Prime Minister Thomas Thabane was behind last year’s hostilities between the Lesotho Defence Force (LDF) and Lesotho Mounted Police Service (LMPS) which cost Lesotho M150million, says Democratic Congress (DC) deputy leader Monyane Moleleki.
According to Mr Moleleki, the money had been pledged by the European Union (EU) to ensure Lesotho successfully hosted Amani Africa II in November last year.
Amani Africa II is a training exercise introduced by the African Union (AU) to create a standby African peacekeeping force.
Addressing scores of textile factory workers in Maputsoe on Friday, Mr Moleleki said hostilities between the LDF and LMPS had resulted in the training exercise being postponed, thereby not only depriving the country of the EU funding but also depriving local businesses and the tourism industry of spinoffs that would have come from hosting the exercise.
Mr Moleleki told the workers the All Basotho Convention (ABC) leader’s “meddling” in the army and police had resulted in the country’s instability, forcing the postponement of Amani Africa II.
The EU had pledged to provide 5.2 million euros to cover expenses, but it is no longer certain if Lesotho would still host the training, Mr Moleleki said.
“Hosting all those soldiers from across the continent would have brought us huge economic benefits as they were going to be booked into our hotels and other businesses were going to benefit from those visitors.
“But because of Thabane’s actions, which resulted in tensions between the army and police, and Lesotho being declared unstable, the AU ended-up saying Amani II can’t be held in Lesotho. When the AU withdrew the offer for Lesotho to host the Amani II exercise, we automatically forfeited the EU’s M150 million financial support,” said Mr Moleleki.
The former Natural Resources minister, who was on the campaign trail for next month’s snap elections prompted by the midstream collapse of the Thabane-led government, further accused the premier of bringing Lesotho’s reputation into disrepute through this “debacle”. Mr Moleleki urged the textile workers to vote for the DC to ensure stability returns to Lesotho once again.
Mr Moleleki further alleged ABC members had lost confidence in their own leader following his short-lived “chaotic” premiership and also “problems” in his personal life.
According to Mr Moleleki, Lesotho had also lost its lofty status internationally after Dr Thabane failed to honour agreements he had signed, which included the Windhoek and Pretoria declarations brokered by the Southern African Development Community (SADC) in an effort to save the coalition government.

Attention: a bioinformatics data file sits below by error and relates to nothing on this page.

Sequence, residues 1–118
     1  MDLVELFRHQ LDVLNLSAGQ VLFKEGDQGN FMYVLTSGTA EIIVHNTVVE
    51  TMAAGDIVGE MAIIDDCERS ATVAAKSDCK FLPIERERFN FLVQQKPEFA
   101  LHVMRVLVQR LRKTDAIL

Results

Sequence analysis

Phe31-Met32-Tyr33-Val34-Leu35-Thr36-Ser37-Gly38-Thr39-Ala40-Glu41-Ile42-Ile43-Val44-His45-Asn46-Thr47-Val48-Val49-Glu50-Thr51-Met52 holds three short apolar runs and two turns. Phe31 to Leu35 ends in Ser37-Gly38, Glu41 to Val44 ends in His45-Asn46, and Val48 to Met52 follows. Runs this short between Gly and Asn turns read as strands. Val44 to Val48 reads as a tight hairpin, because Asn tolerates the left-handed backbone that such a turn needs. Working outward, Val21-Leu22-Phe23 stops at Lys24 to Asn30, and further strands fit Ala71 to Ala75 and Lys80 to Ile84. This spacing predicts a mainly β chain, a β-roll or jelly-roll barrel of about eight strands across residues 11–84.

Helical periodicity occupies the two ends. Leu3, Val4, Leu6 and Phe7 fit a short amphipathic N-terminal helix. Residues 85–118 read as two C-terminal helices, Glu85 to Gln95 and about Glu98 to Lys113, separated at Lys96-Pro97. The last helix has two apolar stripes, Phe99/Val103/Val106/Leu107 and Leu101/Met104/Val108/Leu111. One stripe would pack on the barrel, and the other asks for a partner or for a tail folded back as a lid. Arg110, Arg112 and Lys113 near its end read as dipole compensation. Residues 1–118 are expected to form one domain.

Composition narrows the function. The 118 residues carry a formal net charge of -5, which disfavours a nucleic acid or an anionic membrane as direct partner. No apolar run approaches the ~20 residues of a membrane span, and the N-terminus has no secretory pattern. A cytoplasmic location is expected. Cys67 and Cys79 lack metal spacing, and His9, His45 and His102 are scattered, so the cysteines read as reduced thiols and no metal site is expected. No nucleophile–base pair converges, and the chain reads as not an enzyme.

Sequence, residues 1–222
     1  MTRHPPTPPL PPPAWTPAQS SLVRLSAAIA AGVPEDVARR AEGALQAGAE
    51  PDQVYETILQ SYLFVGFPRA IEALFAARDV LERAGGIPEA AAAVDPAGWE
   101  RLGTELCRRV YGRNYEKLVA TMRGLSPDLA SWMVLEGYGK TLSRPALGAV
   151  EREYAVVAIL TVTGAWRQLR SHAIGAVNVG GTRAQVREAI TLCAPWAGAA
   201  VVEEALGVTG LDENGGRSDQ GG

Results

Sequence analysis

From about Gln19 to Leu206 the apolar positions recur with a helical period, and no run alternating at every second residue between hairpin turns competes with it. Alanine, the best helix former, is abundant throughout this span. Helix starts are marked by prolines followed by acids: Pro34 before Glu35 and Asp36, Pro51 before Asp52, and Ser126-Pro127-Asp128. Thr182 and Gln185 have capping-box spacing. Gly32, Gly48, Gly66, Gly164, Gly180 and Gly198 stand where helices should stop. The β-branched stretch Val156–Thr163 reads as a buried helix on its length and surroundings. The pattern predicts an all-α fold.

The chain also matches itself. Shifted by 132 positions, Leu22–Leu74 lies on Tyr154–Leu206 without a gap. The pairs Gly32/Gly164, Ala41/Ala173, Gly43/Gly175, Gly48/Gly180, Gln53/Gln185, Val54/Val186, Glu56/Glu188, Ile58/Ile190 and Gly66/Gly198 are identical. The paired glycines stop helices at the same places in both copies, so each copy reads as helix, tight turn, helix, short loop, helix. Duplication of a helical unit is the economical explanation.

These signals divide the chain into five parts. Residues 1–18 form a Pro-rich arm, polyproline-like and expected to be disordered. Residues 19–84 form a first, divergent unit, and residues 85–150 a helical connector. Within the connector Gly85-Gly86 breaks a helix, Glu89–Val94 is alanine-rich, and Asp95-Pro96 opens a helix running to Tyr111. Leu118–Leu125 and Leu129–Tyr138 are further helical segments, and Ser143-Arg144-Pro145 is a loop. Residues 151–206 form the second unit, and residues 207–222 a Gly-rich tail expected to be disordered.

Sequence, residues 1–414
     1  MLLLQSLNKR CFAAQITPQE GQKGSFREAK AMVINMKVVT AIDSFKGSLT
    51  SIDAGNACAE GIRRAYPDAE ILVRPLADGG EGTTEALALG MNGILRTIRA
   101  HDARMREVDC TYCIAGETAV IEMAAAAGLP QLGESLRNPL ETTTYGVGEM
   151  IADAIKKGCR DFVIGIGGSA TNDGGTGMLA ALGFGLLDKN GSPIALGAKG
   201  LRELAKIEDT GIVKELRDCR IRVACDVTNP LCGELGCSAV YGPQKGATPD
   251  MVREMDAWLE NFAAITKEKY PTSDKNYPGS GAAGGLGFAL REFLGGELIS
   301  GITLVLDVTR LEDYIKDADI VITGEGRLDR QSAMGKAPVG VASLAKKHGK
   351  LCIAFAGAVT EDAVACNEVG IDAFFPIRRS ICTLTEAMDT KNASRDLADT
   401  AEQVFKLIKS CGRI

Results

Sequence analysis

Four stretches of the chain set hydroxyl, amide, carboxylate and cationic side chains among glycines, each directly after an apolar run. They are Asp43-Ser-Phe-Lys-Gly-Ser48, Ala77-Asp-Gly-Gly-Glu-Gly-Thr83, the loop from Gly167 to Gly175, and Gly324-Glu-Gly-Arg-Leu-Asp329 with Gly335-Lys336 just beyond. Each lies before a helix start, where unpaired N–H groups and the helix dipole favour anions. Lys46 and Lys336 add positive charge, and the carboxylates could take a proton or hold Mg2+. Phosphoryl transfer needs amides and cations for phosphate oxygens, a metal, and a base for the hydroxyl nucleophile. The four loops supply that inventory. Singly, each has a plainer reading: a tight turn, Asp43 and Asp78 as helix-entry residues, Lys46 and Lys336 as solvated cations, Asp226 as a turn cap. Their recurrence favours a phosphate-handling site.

“We lost a great opportunity to be the Southern African Development Community Organ on Politics, Defence and Security Cooperation chair as a result of the political instability Thabane caused in our country through his dictatorial tendencies.
“Thabane tainted our country’s image and we need to fire him as prime minister,” Moleleki said.
Contacted yesterday over Amani Africa II, Defence Ministry Principal Secretary, Thato Mohaso, told the Sunday Express he was not aware of any financial pledge the EU had made towards supporting Lesotho’s hosting of the exercise.
Mr Mohaso said he was surprised Mr Moleleki was accusing Dr Thabane of causing the country’s political and security instability when he and his party were to blame for “meddling in the affairs of the LDF”.
“To my knowledge, there was never such a pledge from the EU. However, Basotho should know we failed to host Amani II because Ntate Moleleki and his DC was meddling in the affairs of the army. SADC decided to withdraw Lesotho as a candidate due to the protracted political and security instability in the country,” Mr Mohasoa said.
“One of the main reasons for taking away Amani II was the 30 August 2014 raid of police stations by the army. And if you analyse why this happened, you will realise that our politicians interfered in military affairs, hence this Amani II loss,” Mohasoa said.
Meanwhile, Mr Moleleki also took a swipe at Dr Thabane for failing to deliver on his pre-2012 general elections to raise textile workers’ monthly salaries to M2020. Mr Moleleki told the workers that the DC government would never pledge such an “unrealistic wage”, but promised them a “living wage” should his party, which failed to retain after the May 2012 polls, form the next government .
Mr Moleleki further said a DC-led government would ensure an “enabling environment” for business to flourish and that “many” jobs are created to reduce the country’s prevailing high unemployment rate.
He also said the DC would ensure paid maternity leave as opposed to the existing labour code order of 1992, which does not provide for such a “right”.
“In addition to paid maternity leave, we are also going to make sure there is pension for all the workers,” he said.